Tuesday, March 09, 2010

Mindful Living

I have been encouraged by several different sources lately to consider how "mindfully" I am living my life, and how that is affecting my happiness and anxiety. "Mindfulness" simply means being aware of and living in the moment, rather than fretting over the past or worrying about the future. Eckhart Tolle points out in his book A New Earth (which I'll warn you is pretty weird and probably isn't the best place to start reflecting on this) that truly only the present exists; the past is just memories and the future exists only in our imagination. The past and future are simply a row of moments of "now" placed one after the other in our mind. The only place we can truly live is "now," because it is the only time that exists outside of our minds, yet how many people never truly live in "now" because they are mulling over the past or the future?  It is only in the present moment that we can meet and connect with other people in our lives, and not being mindful of "now" also means not being mindful of what other people and what they may need or can offer to you.

This has been a major problem for me. All too often I try to escape my life instead of living in it and being present to it. The internet and message boards have been a major means of escape for me, as have reading books, spending time thinking about "how things will be" at some point in the future, curriculum planning, or just mulling over theoretical issues of theology and philosophy. Oh, and this blog. ; ) None of these things are bad in and of themselves, and in fact each of them is good and can be beneficial in its proper place. However, when they are being used as a means to avoid dealing with the present moment and its frustrations and demands (all too often, my children) then they become detrimental to my overall emotional and spiritual health.

While some of the sources advocating mindfulness come from an Eastern or New Age perspective, I've also been encouraged to reflect on this by sources coming from a purely psychological perspective, which consider mindfulness important for mental health, and sources coming from a Christian perspective. I've just begun reading The Sacrament of the Present Moment which seems to take mindfulness to its next logical step in the Christian life: after becoming aware of the present moment, one asks, "What does God will for me to do right now?" Now, if only I can remember to ask this of myself.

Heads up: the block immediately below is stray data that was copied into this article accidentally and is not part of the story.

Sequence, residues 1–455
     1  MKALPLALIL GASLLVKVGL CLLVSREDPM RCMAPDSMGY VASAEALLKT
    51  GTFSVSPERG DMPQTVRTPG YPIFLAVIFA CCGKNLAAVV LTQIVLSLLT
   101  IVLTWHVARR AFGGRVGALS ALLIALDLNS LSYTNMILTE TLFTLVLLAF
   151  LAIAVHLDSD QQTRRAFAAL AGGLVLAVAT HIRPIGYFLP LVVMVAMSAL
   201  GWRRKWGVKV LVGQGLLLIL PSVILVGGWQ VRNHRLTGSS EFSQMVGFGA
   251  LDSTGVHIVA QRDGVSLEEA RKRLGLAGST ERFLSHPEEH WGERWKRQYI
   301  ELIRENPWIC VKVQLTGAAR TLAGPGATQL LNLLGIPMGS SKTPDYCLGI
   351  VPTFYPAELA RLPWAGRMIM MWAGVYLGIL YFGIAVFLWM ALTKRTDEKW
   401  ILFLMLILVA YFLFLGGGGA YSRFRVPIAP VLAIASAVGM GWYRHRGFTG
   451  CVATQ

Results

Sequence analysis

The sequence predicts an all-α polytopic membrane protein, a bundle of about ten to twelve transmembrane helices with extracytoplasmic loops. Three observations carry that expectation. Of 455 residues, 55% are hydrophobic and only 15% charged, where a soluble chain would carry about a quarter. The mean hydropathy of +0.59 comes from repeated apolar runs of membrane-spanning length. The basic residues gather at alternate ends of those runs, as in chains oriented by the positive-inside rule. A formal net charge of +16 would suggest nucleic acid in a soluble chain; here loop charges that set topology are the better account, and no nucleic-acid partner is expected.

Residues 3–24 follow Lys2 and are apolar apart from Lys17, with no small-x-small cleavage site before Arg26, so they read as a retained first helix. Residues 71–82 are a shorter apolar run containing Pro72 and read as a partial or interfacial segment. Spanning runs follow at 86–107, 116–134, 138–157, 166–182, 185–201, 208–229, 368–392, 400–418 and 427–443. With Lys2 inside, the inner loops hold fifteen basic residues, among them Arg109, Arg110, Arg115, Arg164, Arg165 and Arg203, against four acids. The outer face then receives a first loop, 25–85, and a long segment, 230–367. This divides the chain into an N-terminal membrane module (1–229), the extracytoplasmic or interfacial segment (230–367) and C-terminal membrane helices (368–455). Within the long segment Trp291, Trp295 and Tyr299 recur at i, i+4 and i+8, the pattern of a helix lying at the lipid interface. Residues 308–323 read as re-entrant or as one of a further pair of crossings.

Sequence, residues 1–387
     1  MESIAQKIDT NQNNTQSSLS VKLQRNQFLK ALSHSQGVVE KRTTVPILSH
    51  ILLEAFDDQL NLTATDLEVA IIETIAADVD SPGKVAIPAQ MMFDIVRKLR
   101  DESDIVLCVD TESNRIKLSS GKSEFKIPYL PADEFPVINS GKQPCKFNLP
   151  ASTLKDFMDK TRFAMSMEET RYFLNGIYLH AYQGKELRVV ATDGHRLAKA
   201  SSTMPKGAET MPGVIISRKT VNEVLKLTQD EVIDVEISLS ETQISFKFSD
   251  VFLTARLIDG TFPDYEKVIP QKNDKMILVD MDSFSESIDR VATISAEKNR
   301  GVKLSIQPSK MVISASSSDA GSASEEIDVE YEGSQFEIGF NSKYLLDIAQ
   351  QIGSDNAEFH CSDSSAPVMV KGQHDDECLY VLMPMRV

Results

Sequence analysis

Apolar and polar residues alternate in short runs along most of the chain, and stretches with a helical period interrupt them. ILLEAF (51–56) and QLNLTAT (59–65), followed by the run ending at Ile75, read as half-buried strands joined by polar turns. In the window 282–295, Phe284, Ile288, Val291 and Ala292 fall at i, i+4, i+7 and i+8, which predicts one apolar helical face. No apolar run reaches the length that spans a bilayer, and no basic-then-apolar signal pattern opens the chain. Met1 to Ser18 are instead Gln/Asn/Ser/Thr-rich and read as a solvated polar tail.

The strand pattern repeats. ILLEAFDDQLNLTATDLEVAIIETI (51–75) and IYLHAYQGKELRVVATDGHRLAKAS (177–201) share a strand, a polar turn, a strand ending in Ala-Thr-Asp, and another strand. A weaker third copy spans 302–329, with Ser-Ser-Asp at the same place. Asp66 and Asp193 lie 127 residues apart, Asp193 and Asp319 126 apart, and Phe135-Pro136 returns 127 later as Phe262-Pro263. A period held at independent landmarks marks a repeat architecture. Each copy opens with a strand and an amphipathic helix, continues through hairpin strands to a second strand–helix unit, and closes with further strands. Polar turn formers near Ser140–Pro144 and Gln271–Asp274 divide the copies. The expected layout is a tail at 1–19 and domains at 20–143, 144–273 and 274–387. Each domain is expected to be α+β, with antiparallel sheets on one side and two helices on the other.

1. Let me add that this is all VERY helpful (I do notice things in our house), and things are much better in our house (even if they might be whacked-out in the Tolle-house).

  2. When Katie and Tom were littler, I tried very hard to be more mindful. It made a huge difference! I learned that the more I try to retreat from the moment, the more they try to pull me back (loudness, wildness, fighting, whining, etc). I've gotten slack about it lately, though. Reading your post inspires me to try harder. Thanks!

  3. Exactly. I do the same things. Great post.

  4. If you have a copy of Screwtape handy, check out Chapter XV.

    "The humans live in time but our Enemy destines them to eternity. He therefore, I believe, wants them to attend chiefly to two things, to eternity itself, and to that point of time which they call the Present. For the Present is the point at which time touches eternity. Of the present moment, and of it only, humans have an experience analogous to the experience which our Enemy has of reality as a whole; in it alone freedom and actuality are offered them. He would therefore have them continually concerned either with eternity (which means being concerned with Him) or with the Present—either meditating on their eternal union with, or separation from, Himself, or else obeying the present voice of conscience, bearing the present cross, receiving the present grace, giving thanks for the present pleasure.

    "Our business is to get them away from the eternal, and from the Present. . . . His ideal is a man who, having worked all day for the good of posterity (if that is his vocation), washes his mind of the whole subject, commits the issue to Heaven, and returns at once to the patience or gratitude demanded by the moment that is passing over him. But we want a man hag-ridden by the Future—haunted by visions of an imminent heaven or hell upon earth—ready to break the Enemy's commands in the present if by so doing we make him think he can attain the one or avert the other—dependent for his faith on the success or failure of schemes whose end he will not live to see. We want a whole race perpetually in pursuit of the rainbow's end, never honest, nor kind, nor happy now, but always using as mere fuel wherewith to heap the altar of the future every real gift which is offered them in the Present."


What do you think? Let me know.